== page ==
Impey v. SSE (1984) 47 P. & C.R. 157 established that actual occupation of the converted building is not required in order for a material change of use to have taken place, if the conversion works have actually been completed. This was confirmed by the Supreme Court in Welwyn Hatfield v. SSCLG  UKSC 15, where the contrary suggestion that had been raised in Backer v. SSE (1984) 47 P. & C.R. 149 was rejected. However, (short of completing the conversion works) any internal works that might be, or might be alleged to be, preparatory to a change of use for which a prior approval application has not yet been made would not constitute an unlawful commencement of the permitted development in the absence of prior approval, nor would they be a breach of planning control.
There may be some readers who are tempted at this point to cite Somak Travel Ltd -v- SSE(1988) 55 P. & C.R. 250, where an internal spiral staircase had been installed. By virtue of section 55(2)(a) this did not itself constitute development, but in this case it was part and parcel of the material change of use (or integral to the change of use) of an upper floor to office use, and so a requirement in the Enforcement Notice to remove the spiral staircase was upheld. The essential point, though, is that this case was concerned solely with the requirements of the enforcement notice. The breach of planning permission comprised only the unauthorised change of use of the upper floor of the building from residential use to use as part of the travel agency business which occupied the ground floor.
It was not alleged, nor did the inspector or the High Court find, that the installation of the internal staircase constituted development in itself. [The unlawful change of use would not have occurred, at the earliest, until all the works necessary for its occupation as an office had been completed.] However, in order to remedy the breach of planning control, i.e. the change of use of the upper floor, the removal of the staircase was seen as a necessary step in the restoration of that floor of the building to residential use. It was for this reason that the requirement in the enforcement notice that the spiral staircase should be removed was upheld by the Court. The case simply confirmed that the requirements of an enforcement notice can go beyond the scope of the breach itself, if the additional steps required to be taken (in this case the removal of the spiral staircase) are a necessary part of remedying the breach so as to restore the premises to their previous use. (This was in line with two earlier cases - Murfitt -v- SSE  JPL 598 and Perkins -v- SSE  JPL 755.) It does not, however, justify calling Somak Travel in aid in an attempt to argue that there are any circumstances in which purely internal works (or works that do not materially affect the external appearance of the building) are not exempted from the definition of development under section 55(2)(a).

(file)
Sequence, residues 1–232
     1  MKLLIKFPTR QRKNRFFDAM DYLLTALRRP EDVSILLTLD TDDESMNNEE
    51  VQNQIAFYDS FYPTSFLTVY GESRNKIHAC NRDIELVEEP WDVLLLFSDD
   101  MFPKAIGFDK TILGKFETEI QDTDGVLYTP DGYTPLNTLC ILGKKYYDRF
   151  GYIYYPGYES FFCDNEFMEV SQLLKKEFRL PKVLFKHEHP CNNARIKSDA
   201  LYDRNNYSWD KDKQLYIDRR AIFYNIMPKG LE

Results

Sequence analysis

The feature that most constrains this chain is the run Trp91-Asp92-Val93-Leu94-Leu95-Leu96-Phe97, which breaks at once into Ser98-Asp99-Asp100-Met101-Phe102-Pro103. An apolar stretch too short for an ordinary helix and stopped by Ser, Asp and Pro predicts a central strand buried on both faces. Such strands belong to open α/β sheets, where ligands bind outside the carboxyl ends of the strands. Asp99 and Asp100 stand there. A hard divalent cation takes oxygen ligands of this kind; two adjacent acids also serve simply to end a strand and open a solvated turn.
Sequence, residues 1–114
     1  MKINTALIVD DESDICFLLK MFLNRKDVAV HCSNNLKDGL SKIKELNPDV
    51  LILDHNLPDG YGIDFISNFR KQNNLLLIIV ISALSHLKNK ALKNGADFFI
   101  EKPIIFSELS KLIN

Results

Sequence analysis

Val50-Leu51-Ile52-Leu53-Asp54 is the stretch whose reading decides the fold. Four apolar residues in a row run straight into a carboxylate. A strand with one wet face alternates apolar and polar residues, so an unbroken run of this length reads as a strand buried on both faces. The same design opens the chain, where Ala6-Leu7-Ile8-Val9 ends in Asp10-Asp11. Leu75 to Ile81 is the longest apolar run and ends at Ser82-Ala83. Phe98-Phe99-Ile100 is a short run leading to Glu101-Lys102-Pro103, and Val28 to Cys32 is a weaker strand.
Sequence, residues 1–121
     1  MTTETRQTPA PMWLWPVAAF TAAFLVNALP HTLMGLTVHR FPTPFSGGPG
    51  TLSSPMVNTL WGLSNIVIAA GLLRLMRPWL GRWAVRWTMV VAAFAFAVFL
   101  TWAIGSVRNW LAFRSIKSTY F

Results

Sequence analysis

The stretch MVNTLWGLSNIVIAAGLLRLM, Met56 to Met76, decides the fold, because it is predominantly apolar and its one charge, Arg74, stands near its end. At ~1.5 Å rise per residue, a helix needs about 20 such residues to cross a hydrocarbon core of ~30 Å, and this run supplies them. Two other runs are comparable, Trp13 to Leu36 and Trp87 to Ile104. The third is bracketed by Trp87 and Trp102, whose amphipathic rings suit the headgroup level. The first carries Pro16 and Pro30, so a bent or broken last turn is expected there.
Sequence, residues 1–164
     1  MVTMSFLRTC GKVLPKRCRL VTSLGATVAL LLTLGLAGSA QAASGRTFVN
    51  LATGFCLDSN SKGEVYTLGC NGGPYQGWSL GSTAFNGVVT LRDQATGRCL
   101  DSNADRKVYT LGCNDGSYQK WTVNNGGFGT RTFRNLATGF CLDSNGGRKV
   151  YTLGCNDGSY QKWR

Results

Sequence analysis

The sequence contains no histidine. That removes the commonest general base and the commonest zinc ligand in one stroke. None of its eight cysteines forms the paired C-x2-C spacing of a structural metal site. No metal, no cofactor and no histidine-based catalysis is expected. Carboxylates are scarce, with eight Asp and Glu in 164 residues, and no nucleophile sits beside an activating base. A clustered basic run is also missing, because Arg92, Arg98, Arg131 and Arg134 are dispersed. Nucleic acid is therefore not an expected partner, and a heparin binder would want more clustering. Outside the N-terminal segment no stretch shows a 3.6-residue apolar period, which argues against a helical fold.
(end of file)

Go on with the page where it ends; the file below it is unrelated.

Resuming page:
Bearing in mind the clear legal effect of section 55(2)(a), it is difficult to reconcile this statutory provision with the statement in the government’s online Planning Practice Guidance, as amended on 5 March 2015, that it is not the intention of what was then Class MB(b) (now Class Q(b)) to permit the construction of new structural elements for the building and, accordingly, that it is only where the existing building is structurally strong enough to take the loading associated with the external works to adapt the building for residential use that certain building opera¬tions would be considered to come within Class MB(b) [Q(b)].
This advice clearly overlooks the fact that (so long as it is confined to purely internal works or works that do not materially affect the external appearance of the building) the installation of new structural elements in the building, such as a new floor, or the addition of a mezzanine floor, structural strengthening, including a new or augmented load-bearing frame, additional or strengthened roof trusses, etc. does not constitute development at all, and is not therefore governed in any way by the scope of the permission granted by Part 3, either in respect of the change of use itself, or in respect of the operational development that is also permitted under Classes M, N and Q. The latter can clearly refer only to any external works, or works that do materially affect the external appearance of the building. There is absolutely nothing in the Planning Acts, or in the GPDO itself, that prevents or inhibits other works within the building and/or which do not materially affect the external appearance of the building, whether they are carried out before, during or after any external works permitted by the GPDO.